|Born||13 January 1858
|Died||18 July 1931
|Institutions||University of Breslau|
|Known for||pancreas and diabetes|
|Influences||Josef von Mering|
Oskar Minkowski (13 January 1858 – 18 July 1931) held a professorship at the University of Breslau and is most famous for his research on diabetes. He is the brother of the mathematician Hermann Minkowski and father of astrophysicist Rudolph Minkowski.
Life and career
Discovery of the role of pancreas in diabetes
Minkowski worked with Josef von Mering on the study of diabetes at the University of Strasbourg. Their landmark study in 1889 in dogs induced diabetes by removing their pancreas. It was Minkowski who performed the operation and made the crucial link to recognize that the symptoms of the treated dogs were due to diabetes. Thus they were able to indicate that the pancreas contained regulators to control blood sugar; they also provided model for the study of diabetes. Their work led other doctors and scientists to pursue further research on the relation of the pancreas to diabetes, and ultimately resulted in the discovery of insulin as a treatment for the disease.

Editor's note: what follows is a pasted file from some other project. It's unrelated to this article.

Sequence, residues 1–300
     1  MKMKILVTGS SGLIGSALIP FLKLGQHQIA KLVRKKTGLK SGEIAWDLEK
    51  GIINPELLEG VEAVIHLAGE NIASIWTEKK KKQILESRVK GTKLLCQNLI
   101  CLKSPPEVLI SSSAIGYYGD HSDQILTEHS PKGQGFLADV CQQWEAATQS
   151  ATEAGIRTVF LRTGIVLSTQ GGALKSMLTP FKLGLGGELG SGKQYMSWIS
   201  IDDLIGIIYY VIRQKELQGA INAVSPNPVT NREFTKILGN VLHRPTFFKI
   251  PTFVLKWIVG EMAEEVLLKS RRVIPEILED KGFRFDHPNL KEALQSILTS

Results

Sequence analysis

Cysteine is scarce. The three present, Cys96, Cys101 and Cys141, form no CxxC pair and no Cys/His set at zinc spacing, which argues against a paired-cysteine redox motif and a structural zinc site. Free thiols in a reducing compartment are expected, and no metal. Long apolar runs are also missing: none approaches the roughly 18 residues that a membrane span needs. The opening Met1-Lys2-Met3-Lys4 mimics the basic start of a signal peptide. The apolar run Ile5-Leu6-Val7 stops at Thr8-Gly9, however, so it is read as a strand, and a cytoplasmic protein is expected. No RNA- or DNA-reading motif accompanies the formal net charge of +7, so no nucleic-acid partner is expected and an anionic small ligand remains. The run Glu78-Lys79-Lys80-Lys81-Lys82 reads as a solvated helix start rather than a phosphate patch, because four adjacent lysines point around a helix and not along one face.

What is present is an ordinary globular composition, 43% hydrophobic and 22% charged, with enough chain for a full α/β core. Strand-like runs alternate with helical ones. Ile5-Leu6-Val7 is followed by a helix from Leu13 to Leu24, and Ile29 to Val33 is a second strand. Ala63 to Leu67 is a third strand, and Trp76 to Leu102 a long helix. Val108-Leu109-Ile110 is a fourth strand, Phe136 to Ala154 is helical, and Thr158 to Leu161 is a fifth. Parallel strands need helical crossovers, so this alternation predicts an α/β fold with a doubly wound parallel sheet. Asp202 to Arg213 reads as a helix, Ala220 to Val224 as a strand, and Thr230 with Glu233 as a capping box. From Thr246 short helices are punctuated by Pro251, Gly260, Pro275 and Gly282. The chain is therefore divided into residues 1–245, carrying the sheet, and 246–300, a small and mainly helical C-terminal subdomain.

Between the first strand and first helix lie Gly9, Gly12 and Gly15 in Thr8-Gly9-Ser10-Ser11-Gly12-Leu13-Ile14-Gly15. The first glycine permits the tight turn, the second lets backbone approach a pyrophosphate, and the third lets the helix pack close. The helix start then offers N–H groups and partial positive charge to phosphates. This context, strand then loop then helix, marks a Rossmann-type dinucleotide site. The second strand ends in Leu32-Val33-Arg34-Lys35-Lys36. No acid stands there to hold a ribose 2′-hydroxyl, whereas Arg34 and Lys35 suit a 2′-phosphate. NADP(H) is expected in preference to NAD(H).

- Joseph von Mering, Oskar Minkowski: Diabetes mellitus nach Pankreasextirpation. Centralblatt für klinische Medicin, Leipzig, 1889, 10 (23): 393-394. Archiv für experimentelle Patholgie und Pharmakologie, Leipzig, 1890, 26: 37. It begins with, After removal of the pancreas dogs get diabetes. It starts sometime after the operation and will persist for weeks continuously until their death...
In recognition of the discovery by Minkowski the European Association for the Study of Diabetes annually awards the Minkowski Prize for outstanding original work of a younger investigator in diabetes research.
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